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Culture

Smokin' Pipes in Erfurt

The world’s best young organists have gathered in Erfurt, Germany, to show off their musical talents on the ebony and ivory and determine who the next rising star in the organ music scene will be.

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Tuning up the organ in the St. Severi Church in Erfurt

After just a day of competition, the field was already narrowed down from 21 to 16 participants. Over the course of the next 10 days, their numbers will dwindle even further until only the best of the best is left: the winner of the Second International Organ Contest in Erfurt.

The competition is intense. The world’s best young organists, 21 in total, have come from 11 different countries to test their finger dexterity and musicality on Erfurt’s giant church organs, and prove they have what it takes to be named this year’s winner.

The first round of competition actually started out back in March, when interested participants submitted an application with a tape recording of their best work. From the numerous applications that arrived in Erfurt by mail, 21 were selected to participate in the competition from July 16 to July 27.

Jon Laukvik, who heads up the 10-member jury deciding the fates of the young musicians, is impressed with the quality of the recordings. "The mailed-in cassettes show that we can expect a competition on the highest level," said Laukvik, who is a professor at the College of Music in Stuttgart.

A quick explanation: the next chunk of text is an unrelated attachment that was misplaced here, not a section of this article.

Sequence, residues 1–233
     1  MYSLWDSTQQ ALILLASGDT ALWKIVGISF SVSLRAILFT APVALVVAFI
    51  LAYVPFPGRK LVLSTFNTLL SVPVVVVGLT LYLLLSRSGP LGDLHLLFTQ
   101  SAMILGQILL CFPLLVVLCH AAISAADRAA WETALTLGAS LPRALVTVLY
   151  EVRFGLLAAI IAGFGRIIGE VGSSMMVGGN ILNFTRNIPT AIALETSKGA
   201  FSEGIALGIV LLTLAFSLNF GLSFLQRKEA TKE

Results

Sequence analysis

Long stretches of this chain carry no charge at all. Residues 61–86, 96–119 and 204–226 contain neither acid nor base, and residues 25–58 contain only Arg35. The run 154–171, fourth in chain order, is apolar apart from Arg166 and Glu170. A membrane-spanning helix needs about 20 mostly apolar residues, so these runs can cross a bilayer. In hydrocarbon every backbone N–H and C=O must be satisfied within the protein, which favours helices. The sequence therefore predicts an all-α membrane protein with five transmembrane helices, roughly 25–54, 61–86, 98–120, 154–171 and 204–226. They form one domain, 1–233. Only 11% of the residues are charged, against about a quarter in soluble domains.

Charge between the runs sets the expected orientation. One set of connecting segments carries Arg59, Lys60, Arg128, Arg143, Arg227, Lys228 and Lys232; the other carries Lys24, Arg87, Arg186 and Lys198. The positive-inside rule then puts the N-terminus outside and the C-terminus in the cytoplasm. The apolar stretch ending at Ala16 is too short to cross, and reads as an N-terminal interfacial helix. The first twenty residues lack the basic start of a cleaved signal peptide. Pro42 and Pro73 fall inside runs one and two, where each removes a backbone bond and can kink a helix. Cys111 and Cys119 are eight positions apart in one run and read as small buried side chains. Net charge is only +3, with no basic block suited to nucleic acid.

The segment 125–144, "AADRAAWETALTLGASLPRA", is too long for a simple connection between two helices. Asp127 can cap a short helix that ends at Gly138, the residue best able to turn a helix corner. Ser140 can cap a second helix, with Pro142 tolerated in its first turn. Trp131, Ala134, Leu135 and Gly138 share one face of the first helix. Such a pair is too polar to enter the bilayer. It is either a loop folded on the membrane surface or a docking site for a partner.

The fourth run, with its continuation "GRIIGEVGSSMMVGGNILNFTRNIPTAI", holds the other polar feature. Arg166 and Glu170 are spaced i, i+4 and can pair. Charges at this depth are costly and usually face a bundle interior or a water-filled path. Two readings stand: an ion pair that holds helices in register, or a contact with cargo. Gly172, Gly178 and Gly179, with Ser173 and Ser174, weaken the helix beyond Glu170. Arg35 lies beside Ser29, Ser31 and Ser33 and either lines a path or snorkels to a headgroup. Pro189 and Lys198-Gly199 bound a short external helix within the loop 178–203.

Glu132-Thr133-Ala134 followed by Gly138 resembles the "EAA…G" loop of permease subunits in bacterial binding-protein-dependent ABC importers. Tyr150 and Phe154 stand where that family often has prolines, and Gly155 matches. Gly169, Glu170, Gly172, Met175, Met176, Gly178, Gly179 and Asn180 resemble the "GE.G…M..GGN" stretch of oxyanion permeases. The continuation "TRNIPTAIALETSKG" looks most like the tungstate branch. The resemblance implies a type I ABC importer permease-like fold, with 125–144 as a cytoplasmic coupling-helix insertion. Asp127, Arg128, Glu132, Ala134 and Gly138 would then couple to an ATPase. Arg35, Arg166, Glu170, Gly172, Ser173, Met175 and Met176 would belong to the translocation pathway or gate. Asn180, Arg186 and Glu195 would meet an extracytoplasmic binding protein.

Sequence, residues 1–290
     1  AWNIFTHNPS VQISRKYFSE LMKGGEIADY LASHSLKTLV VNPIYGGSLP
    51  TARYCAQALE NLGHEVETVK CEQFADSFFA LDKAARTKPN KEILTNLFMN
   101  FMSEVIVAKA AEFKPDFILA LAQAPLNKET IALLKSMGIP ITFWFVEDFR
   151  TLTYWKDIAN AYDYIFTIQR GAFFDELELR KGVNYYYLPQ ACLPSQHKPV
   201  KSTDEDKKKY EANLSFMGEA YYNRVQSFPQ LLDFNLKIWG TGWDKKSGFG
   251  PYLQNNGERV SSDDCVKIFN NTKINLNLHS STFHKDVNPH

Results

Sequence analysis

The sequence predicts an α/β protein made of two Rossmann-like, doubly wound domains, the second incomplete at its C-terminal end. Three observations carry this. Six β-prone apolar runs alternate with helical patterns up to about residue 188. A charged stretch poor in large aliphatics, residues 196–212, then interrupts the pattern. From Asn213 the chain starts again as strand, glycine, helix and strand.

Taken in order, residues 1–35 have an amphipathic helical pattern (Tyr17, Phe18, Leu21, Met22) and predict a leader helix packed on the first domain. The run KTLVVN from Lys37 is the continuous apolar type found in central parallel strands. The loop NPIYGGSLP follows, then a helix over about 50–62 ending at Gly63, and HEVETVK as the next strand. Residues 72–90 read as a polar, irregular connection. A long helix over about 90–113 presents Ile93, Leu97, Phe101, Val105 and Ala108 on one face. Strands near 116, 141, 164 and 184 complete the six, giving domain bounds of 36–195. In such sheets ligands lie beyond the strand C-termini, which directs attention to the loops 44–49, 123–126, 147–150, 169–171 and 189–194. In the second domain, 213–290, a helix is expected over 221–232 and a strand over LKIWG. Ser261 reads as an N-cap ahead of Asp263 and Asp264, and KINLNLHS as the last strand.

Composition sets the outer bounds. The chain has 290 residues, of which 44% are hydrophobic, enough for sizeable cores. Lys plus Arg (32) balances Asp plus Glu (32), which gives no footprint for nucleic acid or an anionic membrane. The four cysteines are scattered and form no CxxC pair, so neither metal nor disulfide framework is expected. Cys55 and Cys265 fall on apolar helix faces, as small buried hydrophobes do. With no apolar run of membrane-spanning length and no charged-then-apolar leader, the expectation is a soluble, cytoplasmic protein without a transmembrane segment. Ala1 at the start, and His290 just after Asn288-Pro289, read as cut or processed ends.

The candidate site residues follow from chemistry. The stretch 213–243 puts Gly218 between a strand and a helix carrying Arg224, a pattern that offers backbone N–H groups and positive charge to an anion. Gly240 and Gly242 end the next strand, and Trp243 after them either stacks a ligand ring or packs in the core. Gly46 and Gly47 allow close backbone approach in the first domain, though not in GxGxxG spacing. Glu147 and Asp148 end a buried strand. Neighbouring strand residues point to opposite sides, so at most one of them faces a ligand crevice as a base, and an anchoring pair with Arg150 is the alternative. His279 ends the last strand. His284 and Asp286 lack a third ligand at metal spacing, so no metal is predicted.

Compared to previous competitions of a similar nature, the jury says there is very little difference in the performance ability of the organists from different countries. "20 years ago, one could have heard where a player was from. Today that’s no longer possible," Laukvik insisted. "There’s an increasing conformity of styles."

That’s a lot to say when the organists come from countries with such vastly different organ traditions as Germany, England, Norway, Poland, Korea and the United States.

A chance for young organists

All the organists participating in the competition are younger than 35, the age limit for applying. Many are still students, others have just finished their musical studies and are beginning their professional careers. The chance to compete on an international level and to perform on a traditional German church organ is a once in a lifetime opportunity for them.

Each of the organists is expected to perform the same set of core organ works. The second round, held in a local Erfurt chapel, consists of a selection from Johannes Sebastian Bach, Max Reger and Louis Vierre. The third round, or semi-final, held in the St. Severi Church, presents works by Bach, Joseph Gabriel Rheinberger, Edward Elger and William Bolcon. During the first set of elimination rounds, each participant performs anonymously in order to avoid influencing the jury.

The final round is to be held in the impressive Erfurt Cathedral. The organists that make it this far no longer have to play anonymously – they can proudly show off their talent. Their final performances will feature works by Louis Marchand, Olivier Messiaen, William Albright, Max Reger and Sigfrid Karg-Elert.

After surviving the intensive four rounds, four finalists will be named contest winners on July 27. They are to be awarded a cash prize of 20,000 euro ($20,000) -- to be divided up among the four -- as well as a lucrative series of guest appearances in the world’s leading cathedrals in Erfurt, Berlin and Freiberg, Notre Dame in Paris and St. Paul’s Cathedral in London. For the lucky winners, these guest performances are the start of an international organist career.